Insulin study could see end to needles

January 11, 2013 - 5:57:23 am
SYDNEY: Breakthrough X-ray research mapping how insulin works at a molecular level could lead to new diabetes treatments and end daily needle jabs for hundreds of millions of sufferers, scientists said yesterday.
A US-Australian team said it had revealed in atomic detail for the first time how the hormone insulin binds to the surface of cells, triggering the passage of glucose from the bloodstream so that it is stored as energy.
Scientists have been trying to work out how this binding mechanism works for more than 20 years and the discovery should unlock new and more effective drugs to treat diabetes, lead researcher Mike Lawrence said.
“Until now, we have not been able to see how these molecules interact with cells,” said Lawrence, from the Walter and Eliza Hall Institute of Medical Research in Melbourne.
“We can now exploit this knowledge to design new insulin medications with improved properties, which is very exciting.”
Lawrence said the team’s study, published in the journal Nature, had revealed a “molecular handshake” between the insulin and its receptor, or docking point, located on the surface of cells. 
“Both insulin and its receptor undergo rearrangement as they interact — a piece of insulin folds out and key pieces within the receptor move to engage the insulin hormone,” he said of the “unusual” binding method.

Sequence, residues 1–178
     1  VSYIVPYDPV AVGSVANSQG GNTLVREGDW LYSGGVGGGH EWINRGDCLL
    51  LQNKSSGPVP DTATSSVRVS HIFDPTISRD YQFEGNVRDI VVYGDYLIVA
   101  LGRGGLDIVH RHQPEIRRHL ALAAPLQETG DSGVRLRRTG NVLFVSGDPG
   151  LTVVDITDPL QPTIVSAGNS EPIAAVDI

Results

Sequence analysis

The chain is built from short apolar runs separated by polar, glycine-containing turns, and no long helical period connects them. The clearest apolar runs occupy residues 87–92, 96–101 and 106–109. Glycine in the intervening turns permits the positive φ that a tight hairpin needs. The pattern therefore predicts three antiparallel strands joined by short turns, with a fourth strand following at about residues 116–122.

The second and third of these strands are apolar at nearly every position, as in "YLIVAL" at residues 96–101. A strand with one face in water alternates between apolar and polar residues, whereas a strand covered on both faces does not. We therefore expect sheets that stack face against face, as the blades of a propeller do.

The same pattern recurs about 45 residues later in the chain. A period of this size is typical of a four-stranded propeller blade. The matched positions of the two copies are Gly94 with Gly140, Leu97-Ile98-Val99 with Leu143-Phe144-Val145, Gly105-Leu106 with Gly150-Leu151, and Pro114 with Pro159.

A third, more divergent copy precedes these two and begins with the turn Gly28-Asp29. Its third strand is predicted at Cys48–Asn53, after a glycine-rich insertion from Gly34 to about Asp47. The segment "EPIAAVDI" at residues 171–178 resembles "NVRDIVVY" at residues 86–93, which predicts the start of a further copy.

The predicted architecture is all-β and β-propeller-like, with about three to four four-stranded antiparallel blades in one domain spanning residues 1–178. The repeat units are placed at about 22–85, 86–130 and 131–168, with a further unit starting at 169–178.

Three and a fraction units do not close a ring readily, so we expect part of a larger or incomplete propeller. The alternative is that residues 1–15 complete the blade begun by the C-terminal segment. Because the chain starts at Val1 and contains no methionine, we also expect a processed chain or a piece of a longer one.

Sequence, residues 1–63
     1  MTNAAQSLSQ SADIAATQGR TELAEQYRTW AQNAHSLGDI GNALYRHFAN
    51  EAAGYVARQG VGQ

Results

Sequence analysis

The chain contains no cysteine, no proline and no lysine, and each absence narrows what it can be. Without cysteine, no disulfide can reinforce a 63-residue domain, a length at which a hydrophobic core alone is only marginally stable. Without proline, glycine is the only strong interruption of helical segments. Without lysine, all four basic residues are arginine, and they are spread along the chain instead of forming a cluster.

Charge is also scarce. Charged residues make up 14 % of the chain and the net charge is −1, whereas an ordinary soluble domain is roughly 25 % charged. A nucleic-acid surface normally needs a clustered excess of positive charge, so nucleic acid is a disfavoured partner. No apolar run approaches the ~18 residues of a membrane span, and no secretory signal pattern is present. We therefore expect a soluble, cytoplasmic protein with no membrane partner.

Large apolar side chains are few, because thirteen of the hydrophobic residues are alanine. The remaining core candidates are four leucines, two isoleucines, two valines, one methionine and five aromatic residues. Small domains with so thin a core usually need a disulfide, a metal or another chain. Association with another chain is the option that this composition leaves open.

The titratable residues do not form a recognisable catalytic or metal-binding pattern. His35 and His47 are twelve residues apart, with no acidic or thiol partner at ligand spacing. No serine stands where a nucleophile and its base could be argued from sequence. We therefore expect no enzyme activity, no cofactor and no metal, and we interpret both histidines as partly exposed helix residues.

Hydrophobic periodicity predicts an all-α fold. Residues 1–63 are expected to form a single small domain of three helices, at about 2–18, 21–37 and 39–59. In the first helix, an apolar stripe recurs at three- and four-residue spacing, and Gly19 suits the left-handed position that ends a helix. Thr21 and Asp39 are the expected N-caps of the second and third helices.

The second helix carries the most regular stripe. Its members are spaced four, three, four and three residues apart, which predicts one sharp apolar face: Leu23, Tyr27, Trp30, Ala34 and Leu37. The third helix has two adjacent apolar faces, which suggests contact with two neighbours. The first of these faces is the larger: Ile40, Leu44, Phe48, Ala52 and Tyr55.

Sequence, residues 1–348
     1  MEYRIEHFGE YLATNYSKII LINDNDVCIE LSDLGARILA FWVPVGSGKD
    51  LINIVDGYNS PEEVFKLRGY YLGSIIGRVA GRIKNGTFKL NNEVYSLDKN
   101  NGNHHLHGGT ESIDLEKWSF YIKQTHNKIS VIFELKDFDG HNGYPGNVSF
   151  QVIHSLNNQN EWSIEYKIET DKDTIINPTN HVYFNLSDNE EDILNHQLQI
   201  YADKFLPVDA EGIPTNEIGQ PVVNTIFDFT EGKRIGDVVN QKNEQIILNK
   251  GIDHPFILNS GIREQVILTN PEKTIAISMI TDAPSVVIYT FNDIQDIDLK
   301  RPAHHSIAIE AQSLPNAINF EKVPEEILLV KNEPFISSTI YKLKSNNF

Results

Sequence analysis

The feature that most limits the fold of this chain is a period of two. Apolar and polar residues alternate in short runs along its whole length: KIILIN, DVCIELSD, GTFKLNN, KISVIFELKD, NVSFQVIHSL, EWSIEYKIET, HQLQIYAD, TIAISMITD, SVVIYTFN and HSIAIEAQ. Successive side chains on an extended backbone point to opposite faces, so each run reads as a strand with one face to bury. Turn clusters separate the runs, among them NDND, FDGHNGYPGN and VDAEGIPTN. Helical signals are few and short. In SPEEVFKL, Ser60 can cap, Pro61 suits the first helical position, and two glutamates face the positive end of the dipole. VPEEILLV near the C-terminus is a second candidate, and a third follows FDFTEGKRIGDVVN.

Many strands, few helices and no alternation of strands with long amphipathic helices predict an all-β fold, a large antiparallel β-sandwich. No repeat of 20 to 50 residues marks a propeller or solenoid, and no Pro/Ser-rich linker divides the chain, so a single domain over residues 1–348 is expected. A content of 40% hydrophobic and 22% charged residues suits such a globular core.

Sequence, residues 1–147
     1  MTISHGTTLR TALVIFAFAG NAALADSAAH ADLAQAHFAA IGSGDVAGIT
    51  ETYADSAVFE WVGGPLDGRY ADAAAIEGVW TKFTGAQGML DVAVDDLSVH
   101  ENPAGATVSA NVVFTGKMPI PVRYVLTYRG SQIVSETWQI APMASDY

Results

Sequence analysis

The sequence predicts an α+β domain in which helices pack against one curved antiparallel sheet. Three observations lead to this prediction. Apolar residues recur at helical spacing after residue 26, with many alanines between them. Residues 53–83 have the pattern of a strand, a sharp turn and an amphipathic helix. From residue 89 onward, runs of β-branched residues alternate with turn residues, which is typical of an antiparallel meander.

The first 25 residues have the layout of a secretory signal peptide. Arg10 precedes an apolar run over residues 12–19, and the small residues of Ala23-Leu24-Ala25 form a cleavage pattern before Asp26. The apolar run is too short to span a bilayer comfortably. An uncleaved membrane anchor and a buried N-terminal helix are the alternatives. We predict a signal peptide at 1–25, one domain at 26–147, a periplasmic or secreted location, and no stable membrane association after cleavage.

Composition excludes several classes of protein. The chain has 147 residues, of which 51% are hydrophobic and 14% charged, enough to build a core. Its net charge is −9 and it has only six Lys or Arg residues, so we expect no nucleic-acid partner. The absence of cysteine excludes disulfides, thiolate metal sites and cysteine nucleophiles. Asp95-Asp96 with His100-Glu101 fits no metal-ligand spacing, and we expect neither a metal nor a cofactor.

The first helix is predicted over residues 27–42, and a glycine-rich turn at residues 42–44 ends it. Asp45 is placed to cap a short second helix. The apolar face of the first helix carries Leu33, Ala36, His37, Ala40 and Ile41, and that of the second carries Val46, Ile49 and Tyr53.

Understanding how this docking works opens the way to novel treatments of diabetes, a chronic condition in which the pancreas does not produce enough insulin or the body cannot use the hormone properly. “The generation of new types of insulin have been limited by our inability to see how insulin docks into its receptor in the body,” Lawrence said.
“This discovery could conceivably lead to new types of insulin that could be given in ways other than injection, or an insulin that has improved properties or longer activity so that it doesn’t need to be taken as often.”
The discovery could also help treatment of diabetes in developing nations, enabling more stable man-made insulins that do not need refrigeration.
It could also have applications in the treatment of cancer and Alzheimer’s, with insulin playing a role in both diseases, he added.
“Our finding is a fundamental piece of science that ultimately might play across all three of those very serious diseases,” Lawrence said.
There are an estimated 347 million diabetes patients worldwide and numbers are increasing, particularly in developing countries where obesity and sedentary lifestyles are growing.
It is expected to be the seventh leading cause of death in the world by 2030, with the World Health Organisation projecting total deaths from diabetes will rise by more than 50 percent in the next 10 years. Complications of diabetes include heart disease, blindness, limb amputation and kidney failure.
The Australian Diabetes Council, a lobby group representing people with the condition, said the development was welcome news. “While we do not currently have a cure for diabetes, discoveries such as this insulin docking breakthrough give us hope that it is coming ever closer,” said council chief Nicola Stokes.
Diabetes is a complex disease and new treatments usually take many years of design and testing before they emerge on the market, and this area of research has known many disappointments.